What are ketones and what causes them?
Ketones are the result of the body burning fat for energy or fuel. For a person with diabetes, ketones are often the result of prolonged high blood sugar and insulin deficiency. Without the right amount of insulin, glucose starts to build up in the blood stream and doesn't enter the cells. The cells burn fat instead of glucose, and ketones form in the blood and spill into the urine.
Some causes of high blood sugar are:
- Missing an insulin dose or skipping some oral medications.
- A disconnected or blocked insulin pump tube.
- Being sick with the flu.
- High levels of stress.
- Eating more carbohydrates than your medication covers.
What are the signs that I should test for ketones?
Symptoms of high blood sugar include frequent urination, frequent thirst, blurry vision, dry mouth, vomiting, and fatigue.
There are several scenarios that should prompt a test for ketones.
- If your blood sugar is over 240 mg/dl for two tests in a row.
- When you are ill.
- When your blood sugar is over 240 mg/dl and you are planning on exercising.
- If you are pregnant, you should test for ketones each morning before breakfast and whenever blood sugars are elevated.
How do I test for ketones?
There are two ways to test for ketones - by testing your urine or your blood. Ketones appear first in the blood stream and are later present in the urine, so testing your blood for ketones is the best way to check for an early problem.
To check urine for ketones, you must collect a urine sample or dip a ketone test strip into a fresh stream of urine. After waiting for the time suggested by the ketone strip manufacturer, you compare the color strip to the chart on the bottle. The darker the color, the higher the amount of ketones in the urine.
At this time, there are just a few meters on the market that can test for blood ketones. These meters use a small drop of blood to measure the level of ketones and display the result on the meter screen.
What do I do if I have ketones?
If you test positive for ketones, it is important to carefully monitor your blood sugar and keep yourself hydrated. Drink plenty of water and other no-calorie fluids to help flush your system of ketones. Be sure to test your blood sugar every few hours and continue to test for ketones until your results come back negative. It is also important to refrain from exercising if you have ketones, as exercise will usually raise the level of ketones in your body. Spilling trace to moderate levels of ketones can usually be self-treated by closely monitoring and flushing your system. However, spilling large levels of ketones is reason to seek emergency care or to discuss your conditon with your health care team.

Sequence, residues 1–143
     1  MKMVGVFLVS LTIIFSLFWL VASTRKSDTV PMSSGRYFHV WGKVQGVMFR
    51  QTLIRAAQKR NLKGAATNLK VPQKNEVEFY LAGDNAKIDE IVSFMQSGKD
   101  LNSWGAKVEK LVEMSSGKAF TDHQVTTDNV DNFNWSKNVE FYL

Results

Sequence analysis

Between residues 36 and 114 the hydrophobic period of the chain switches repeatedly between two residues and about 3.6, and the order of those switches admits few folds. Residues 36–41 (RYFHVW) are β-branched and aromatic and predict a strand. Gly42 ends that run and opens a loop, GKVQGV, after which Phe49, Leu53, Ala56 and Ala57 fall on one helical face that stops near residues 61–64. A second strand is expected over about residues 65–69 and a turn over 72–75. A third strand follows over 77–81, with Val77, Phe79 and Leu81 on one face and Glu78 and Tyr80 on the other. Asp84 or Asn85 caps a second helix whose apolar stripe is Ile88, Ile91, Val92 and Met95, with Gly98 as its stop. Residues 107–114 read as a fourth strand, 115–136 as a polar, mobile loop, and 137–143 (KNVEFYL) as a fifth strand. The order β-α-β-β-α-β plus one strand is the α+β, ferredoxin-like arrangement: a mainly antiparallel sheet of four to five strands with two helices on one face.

If you are not sure what to do to manage your high blood sugar and flush ketones from your system, you should consult your doctor immediately. The presence of ketones can quickly become a dangerous condition called DKA (Diabetic Ketoacidosis), which is a serious medical emergency, and requires prompt treatment. If you begin vomiting and/or have a high blood sugar that is not coming down despite medication, you should contact your doctor immediately.
Reviewed by Francine Kaufman, MD. 8/08
Garlic Soup Fish Tagine with Preserved Lemon and Tomatoes Cheesy Zucchini Dip Banana, Raspberry, and Cottage Cheese Split Southwestern Napa Slaw Indian Tandoori Chops Rice & Broccoli Quiche Cucumber with Bean Sprouts Spinach and Cheese Stuffed Chicken Breasts Honey Mustard and Sausage Cheese Spread
So. It's been a little over a month now since prediabetes moved into my house. I had to take some time to process everything mentally and add a few more to-do's to my list: 1 - get a 3-hour glucose test for each kid (Check) 2 - schedule follow-ups with the nurse practitioner (Check) 3 - schedule a meeting with the head of the pediatric group to discuss (On hold) 4 - possibly find a new endo (Remains to be seen) Clearly there remains a fair amount of adjustment to be...